The Literacy Shed's 'VIPERS' approach
VIPERS is an acronym to aid the recall of the six reading domains which form part of the UK’s teacher assessment framework for the reading curriculum. They are the key areas which we feel children need to know and understand in order to improve their comprehension of texts.
The six domains focus on the comprehension aspect of reading and not the mechanics: decoding, fluency, prosody etc.
As such, VIPERS is not a reading scheme but rather a method of ensuring that teachers ask, and students are familiar with, a range of questions.
They allow the teacher to track the type of questions asked, and the children’s responses to these, which allows for targeted questioning afterwards.
Key principles of a Whole Class Guided Reading lesson:
What does a whole class guided reading lesson look like?
In Years 2 to 6, guided reading lessons take place three times per week. The same text will typically span the week’s lessons, although sometimes a class reader might be accompanied by several weeks’ study of that particular book. Texts are chosen for various reasons: sometimes these have challenging or unusual themes; sometimes they support or pre-empt learning in English or other curriculum areas; occasionally, texts are included for no other reason than they’re jolly good! A good mix of fiction, non-fiction and poetry is ensured.
Every Guided Reading session in each week’s block builds on the last. Each session has three distinct parts:
1. Explicit Vocabulary Instruction
The start of each session of every session will focus on vocabulary, the ‘V’ in the Vipers acronym above. Usually, this will be the vocabulary that the children are set to experience in the text being read. In subsequent sessions, the words will be revisited, explored in more detail or applied to other contexts. Vocabulary acquisition will not be forthcoming without frequent revisiting. Although some very specific subject vocabulary is included, many useful or versatile words are too - it is hoped that the children will then take the vocabulary forward to use in their own speech and writing.
In the lesson above featuring Percy Shelley’s classic poem Ozymandias, which is quite advanced linguistically, the more of the vocabulary the children already know, the more likely they are to access the meaning. Where texts are easier to access, there is an opportunity for children to read around the words in context and figure out what they mean for themselves.
2. Reading Together
Reading Fluency must be explicitly taught and deliberately practised. Therefore, in every Guided Reading session, we prioritise fluency practice. This is done through strategies such as the following:
a) Teacher-led, modelled fluent reading
Pupils hear how a text sounds when read fluently and can identify what aspects of fluency were used. Prosody (like language) is usually acquired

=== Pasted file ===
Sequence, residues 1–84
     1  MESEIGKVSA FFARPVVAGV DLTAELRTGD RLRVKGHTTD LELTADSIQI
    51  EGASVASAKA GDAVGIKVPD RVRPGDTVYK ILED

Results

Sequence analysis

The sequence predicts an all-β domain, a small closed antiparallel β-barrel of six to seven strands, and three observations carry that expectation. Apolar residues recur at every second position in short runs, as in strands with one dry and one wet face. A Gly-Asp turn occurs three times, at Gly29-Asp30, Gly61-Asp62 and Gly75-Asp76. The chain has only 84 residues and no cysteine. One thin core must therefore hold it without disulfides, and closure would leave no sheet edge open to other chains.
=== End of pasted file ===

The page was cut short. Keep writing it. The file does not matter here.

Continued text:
naturally as children grow and listen to prosody modelled around them. Much infant-directed language is rich in prosody. Hearing an adult read aloud
with expression or appropriate prosody demonstrates to pupils how to give meaning to what is read through varied pitch (frequency), intensity (specific
emphasis on a syllable), and duration (length of the word and pauses between words).
b) Choral Reading
This involves simultaneous reading of a passage and can be done individually, in groups or as a whole class. In choral reading sessions, we monitor pupils’ reading to ensure that all are participating.
c) Echo Reading
The teacher reads a short section of the text aloud while pupils silently follow in their own copies of the text. This section could be a sentence, paragraph
or a short passage. Pupils echo the section back. Sections need to be long enough so that pupils are required to rely on reading their text and not just
remembering what the teacher said.
d) Performance Reading
Texts that feature monologues, dialogues, speeches, songs, are suited to performance reading. Pupils can discuss the text and make decisions about
how to use their voices, facial expressions or gestures. Text marking can be used to show how different aspects of the reading sounds e.g., underlining
a phrase/word/part of the word that will be stressed when read out loud. This is a crucial strategy because it is a way to make repeated reading purposeful and engaging.
Good comprehension draws from the crucial ability that, by the end of their primary education, all pupils are able to read fluently, and with confidence, in any subject in their forthcoming secondary education. Both simple and more complex, probing questions are used to dig deeper into the meaning, composition and structure of texts. Sessions typically feature two distinct questioning sections:
a) 'Quick Check' Questions
These usually take the form of more direct retrieval questions, which are shaped in such a way that pupils can test their understanding of a text extract as a whole; this is a form of basic comprehension.
b) Focused comprehension questions based on the VIPERS skills: infer, predict, explain, summarise
Once children have secured a basic comprehension of the text studied, the teachers' questioning will then guide the children to investigate the extract further. This investigation includes the modelling of comprehension strategies and also the shaping of written answers. With written comprehension questions, there is an importance placed on evidencing and justifying answers by making direct references to the text. These more in-depth answers perfectly complement the short text extract, multiple choice format of the Accelerated Reader quizzes that children take regularly.